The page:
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A fellow angler told this man he couldn't poach a sturgeon. He did anyway and was cited by IDFG

Michael Melton, 32, was cited for illegally catching and keeping a white sturgeon on the Snake River. When measured by officers, the fish had grown to 23 inches and weighed 3.2 pounds.
Michael Melton, 32, was cited for illegally catching and keeping a white sturgeon on the Snake River. When measured by officers, the fish had grown to 23 inches and weighed 3.2 pounds. Courtesy of Brian Jack of the Idaho Fish and Game

A Boise man has been cited for catching and keeping a two-foot white sturgeon caught below Swan Falls Dam on the Snake River, according to an Idaho Fish and Game press release.

A Citizens Against Poaching call triggered the investigation into Michael Melton, 32, who caught the sturgeon on the evening of June 17 and placed the fish in his vehicle.

That's when another angler told Melton that all sturgeon fishing on the river was catch and release only.

Melton reportedly ignored the angler and left the area, according to Fish and Game.

"Fortunately, the angler was an excellent witness," Fish and Game conservation officer Brian Jack stated in the press release. "He called the CAP hotline and provided us with a license plate number and accurate descriptions of both the vehicle and the suspect."

Later that same evening, Jack and fellow conservation officers Brian Flatter and Kurt Stieglitz contacted Melton — who still had the sturgeon in possession — at a Meridian residence.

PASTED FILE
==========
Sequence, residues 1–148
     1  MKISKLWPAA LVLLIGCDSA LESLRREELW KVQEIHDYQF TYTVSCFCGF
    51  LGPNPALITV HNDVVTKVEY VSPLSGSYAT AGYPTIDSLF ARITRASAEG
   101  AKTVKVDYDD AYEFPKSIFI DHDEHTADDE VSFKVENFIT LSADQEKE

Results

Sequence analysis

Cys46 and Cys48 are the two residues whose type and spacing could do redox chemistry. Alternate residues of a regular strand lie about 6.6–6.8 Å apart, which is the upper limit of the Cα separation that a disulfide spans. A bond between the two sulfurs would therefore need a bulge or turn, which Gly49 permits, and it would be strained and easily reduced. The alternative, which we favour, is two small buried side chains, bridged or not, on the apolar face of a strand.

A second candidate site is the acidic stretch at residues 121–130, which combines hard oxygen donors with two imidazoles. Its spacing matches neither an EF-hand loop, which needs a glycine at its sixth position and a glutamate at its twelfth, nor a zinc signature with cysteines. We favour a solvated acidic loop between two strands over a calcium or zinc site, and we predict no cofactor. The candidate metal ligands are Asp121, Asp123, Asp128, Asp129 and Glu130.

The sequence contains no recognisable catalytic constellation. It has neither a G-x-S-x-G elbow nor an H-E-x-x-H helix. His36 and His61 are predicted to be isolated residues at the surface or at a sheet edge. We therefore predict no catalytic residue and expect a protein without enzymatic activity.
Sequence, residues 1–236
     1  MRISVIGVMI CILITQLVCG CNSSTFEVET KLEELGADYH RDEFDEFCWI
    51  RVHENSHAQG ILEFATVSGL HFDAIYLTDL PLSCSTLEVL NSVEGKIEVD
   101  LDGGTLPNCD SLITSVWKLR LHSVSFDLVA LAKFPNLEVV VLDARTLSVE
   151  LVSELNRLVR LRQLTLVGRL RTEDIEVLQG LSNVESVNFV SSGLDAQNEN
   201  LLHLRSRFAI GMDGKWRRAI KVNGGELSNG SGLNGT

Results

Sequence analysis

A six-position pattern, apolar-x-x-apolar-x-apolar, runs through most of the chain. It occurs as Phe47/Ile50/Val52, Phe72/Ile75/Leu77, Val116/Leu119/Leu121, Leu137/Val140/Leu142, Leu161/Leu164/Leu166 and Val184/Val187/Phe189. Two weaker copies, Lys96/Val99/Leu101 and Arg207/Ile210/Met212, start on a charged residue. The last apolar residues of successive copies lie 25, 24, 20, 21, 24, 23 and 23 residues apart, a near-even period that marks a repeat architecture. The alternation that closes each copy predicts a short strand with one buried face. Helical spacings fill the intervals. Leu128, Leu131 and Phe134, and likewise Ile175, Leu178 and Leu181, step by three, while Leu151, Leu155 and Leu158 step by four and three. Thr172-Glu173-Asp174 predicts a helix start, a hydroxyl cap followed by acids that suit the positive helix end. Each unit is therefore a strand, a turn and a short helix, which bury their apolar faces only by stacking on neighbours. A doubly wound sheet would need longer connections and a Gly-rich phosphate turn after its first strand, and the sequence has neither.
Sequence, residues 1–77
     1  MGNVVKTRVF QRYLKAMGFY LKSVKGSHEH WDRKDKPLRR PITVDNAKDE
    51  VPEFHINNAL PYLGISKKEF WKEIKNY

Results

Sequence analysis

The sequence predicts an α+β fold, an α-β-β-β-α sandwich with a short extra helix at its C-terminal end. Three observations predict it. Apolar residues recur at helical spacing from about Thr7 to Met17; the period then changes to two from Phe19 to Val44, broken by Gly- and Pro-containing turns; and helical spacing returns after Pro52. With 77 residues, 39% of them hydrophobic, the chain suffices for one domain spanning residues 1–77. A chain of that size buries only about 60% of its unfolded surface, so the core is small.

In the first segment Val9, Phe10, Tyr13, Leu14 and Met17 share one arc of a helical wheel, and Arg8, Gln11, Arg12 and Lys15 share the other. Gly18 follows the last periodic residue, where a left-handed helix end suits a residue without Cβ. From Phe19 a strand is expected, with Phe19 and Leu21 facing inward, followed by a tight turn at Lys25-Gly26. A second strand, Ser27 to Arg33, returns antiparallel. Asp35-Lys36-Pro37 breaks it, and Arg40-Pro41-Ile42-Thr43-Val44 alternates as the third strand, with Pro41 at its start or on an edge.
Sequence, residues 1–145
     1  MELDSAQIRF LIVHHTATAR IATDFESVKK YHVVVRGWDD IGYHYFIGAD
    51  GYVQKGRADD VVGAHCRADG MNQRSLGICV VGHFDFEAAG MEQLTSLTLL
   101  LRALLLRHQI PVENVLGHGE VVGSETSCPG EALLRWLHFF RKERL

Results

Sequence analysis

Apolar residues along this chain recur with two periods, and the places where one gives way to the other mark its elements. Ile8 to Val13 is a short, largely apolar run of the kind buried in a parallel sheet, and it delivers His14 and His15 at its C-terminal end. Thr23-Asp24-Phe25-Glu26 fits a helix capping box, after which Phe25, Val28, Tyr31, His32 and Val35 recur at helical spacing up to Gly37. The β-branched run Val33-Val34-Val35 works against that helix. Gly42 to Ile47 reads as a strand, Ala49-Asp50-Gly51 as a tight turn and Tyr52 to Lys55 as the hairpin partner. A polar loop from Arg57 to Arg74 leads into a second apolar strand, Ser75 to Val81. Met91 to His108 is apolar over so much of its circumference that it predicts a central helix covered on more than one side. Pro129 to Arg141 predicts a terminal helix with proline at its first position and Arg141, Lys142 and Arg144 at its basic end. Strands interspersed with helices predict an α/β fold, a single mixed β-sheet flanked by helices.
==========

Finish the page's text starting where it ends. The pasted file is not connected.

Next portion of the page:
Melton admitted to officials that he caught and kept the fish.

Melton was cited for possession of a white sturgeon during closed season. The offense requires a court appearance, and a guilty verdict carries a mandatory fishing license suspension and civil penalties.

The young sturgeon was stocked in the Snake River in October 2016 as part of the cooperative sturgeon sport fish program conducted by Idaho Fish and Game, Idaho Power Company and the College of Southern Idaho.

At that time, the 19-inch fish weighed just over two pounds. When measured by officers, the fish had grown to 23 inches and weighed 3.2 pounds.

"Detecting wildlife crimes is difficult without the support and vigilance of the sporting public," Jack said. "The CAP program is an excellent tool for sportsmen who make the call in a timely manner and provide the kind of detail we need to make a successful case."

The CAP hotline (1-800-632-5999) is available 24 hours a day, and callers can remain anonymous. People with information about a suspected wildlife violation may also contact the Fish and Game Nampa office at 208-465-8465 during weekdays, the Idaho State Police at 208-846-7550 on weekends or their local sheriff's office.

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